> behaviour. I was just saying that it is a situation that they get
> tricked, because of their "perception" about "=", especially when they
> are told that any change to the arguments are seen by the caller.


Except "trick" is a poor word choice. Nobody is playing a trick on
them - they just don't understand what is going on.

<mike
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Mike Meyer <(E-Mail Removed)> http://www.mired.org/home/mwm/
Independent WWW/Perforce/FreeBSD/Unix consultant, email for more information.
 
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bonono@gmail.com
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      12-08-2005

Mike Meyer wrote:
> Except "trick" is a poor word choice. Nobody is playing a trick on
> them - they just don't understand what is going on.
>

oops, never thought about the negative meaning of it, it is just meant
as "not behave as expected", what would be the word you use then ?

 
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Mike Meyer
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      12-08-2005
(E-Mail Removed) writes:

>> Except "trick" is a poor word choice. Nobody is playing a trick on
>> them - they just don't understand what is going on.

> oops, never thought about the negative meaning of it, it is just meant
> as "not behave as expected", what would be the word you use then ?


Surprise?

<mike
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bruno at modulix
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      12-08-2005
ex_ottoyuhr wrote:
> I'm trying to create a function that can take arguments, say, foo and
> bar, and modify the original copies of foo and bar as well as its local
> versions -- the equivalent of C++ funct(&foo, &bar).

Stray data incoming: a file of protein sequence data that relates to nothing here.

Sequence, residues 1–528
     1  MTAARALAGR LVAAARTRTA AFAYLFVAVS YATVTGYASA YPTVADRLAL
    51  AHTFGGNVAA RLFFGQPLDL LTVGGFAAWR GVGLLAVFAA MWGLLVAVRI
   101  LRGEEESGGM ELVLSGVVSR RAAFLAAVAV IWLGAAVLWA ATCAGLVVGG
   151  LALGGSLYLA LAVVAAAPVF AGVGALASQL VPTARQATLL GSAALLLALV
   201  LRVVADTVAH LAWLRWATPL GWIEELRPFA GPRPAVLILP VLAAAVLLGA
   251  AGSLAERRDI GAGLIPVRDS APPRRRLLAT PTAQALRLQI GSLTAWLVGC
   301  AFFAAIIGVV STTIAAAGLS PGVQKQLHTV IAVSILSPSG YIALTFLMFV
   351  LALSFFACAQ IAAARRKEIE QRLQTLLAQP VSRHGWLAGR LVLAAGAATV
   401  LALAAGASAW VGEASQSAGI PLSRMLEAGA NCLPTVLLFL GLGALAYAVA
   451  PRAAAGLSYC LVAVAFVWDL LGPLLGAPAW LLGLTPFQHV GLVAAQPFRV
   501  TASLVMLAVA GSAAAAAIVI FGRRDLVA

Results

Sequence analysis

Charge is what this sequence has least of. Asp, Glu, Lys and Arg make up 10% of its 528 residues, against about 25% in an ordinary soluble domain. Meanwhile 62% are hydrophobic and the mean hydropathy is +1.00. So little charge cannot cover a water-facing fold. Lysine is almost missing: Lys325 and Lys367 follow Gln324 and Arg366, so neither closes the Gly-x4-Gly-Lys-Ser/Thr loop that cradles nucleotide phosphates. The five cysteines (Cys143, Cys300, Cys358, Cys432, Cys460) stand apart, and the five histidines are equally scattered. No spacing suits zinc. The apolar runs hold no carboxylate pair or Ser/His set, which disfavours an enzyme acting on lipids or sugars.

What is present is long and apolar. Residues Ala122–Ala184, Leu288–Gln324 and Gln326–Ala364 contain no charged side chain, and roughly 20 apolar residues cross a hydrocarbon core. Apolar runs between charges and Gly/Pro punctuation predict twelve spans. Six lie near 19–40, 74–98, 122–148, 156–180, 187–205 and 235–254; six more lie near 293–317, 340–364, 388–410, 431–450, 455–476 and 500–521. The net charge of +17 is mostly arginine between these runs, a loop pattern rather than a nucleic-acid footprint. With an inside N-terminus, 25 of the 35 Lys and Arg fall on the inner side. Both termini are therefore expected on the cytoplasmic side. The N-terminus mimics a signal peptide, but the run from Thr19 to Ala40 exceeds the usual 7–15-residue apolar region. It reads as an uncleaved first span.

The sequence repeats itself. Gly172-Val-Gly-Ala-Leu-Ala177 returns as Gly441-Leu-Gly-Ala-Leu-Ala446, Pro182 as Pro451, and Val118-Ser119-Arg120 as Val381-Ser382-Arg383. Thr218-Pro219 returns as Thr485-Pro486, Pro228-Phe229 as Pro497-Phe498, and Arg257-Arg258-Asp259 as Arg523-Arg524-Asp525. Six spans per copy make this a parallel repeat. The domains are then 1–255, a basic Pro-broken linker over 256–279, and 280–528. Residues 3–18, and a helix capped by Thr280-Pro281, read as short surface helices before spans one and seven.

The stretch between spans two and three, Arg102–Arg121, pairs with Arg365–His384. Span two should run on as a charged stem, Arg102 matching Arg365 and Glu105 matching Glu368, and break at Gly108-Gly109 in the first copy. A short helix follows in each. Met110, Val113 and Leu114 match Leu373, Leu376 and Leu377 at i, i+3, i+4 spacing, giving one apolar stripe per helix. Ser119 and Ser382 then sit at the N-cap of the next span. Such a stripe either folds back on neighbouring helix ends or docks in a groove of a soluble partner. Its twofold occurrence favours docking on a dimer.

This is already what you have. In Python, all you have are references to
objects, there is no "local version".

> I've looked around on this newsgroup and elsewhere, and I gather that
> this is a very common concern in Python, but one which is ordinarily
> answered with "No, you can't. Neat, huh?"


Pardon ???

>>> def appendToList(aList, aValue):

.... aList.append(aValue)
....
>>> mylist = range(10)
>>> mylist

[0, 1, 2, 3, 4, 5, 6, 7, 8, 9]
>>> appendToList(mylist, 42)
>>> mylist

[0, 1, 2, 3, 4, 5, 6, 7, 8, 9, 42]
>>>


Now the usual considerations apply :
- rebinding an arg has of course only local effect
- immutable objects are still immutables

Also note that since
1/ Python as a good support for exception handling
2/ a function can return multiple values [1],
there is less need for such constructs than in C or C++.

[1] the truth is that the function can return a unique tuple, that can
be unpacked as any other.

--
bruno desthuilliers
python -c "print '@'.join(['.'.join([w[::-1] for w in p.split('.')]) for
p in '(E-Mail Removed)'.split('@')])"
 
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Kent Johnson
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      12-08-2005
Mike Meyer wrote:
> "ex_ottoyuhr" <(E-Mail Removed)> writes:
>
>>I'm trying to create a function that can take arguments, say, foo and
>>bar, and modify the original copies of foo and bar as well as its local
>>versions -- the equivalent of C++ funct(&foo, &bar).

>
>
> C++'s '&' causes an argument to be passed by reference. Python does
> that with all arguments. Any changes you make to the argument in the
> function will be seen in the caller unless you explicitly make a copy
> to pass.


I would say, from the point of view of a C++ programmer, Python passes
references by value. In other words if you think of variables as
pointers (references) to values, and function call as passing the
reference by value, the behaviour of Python makes sense.

Kent
 
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Mike Meyer
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      12-08-2005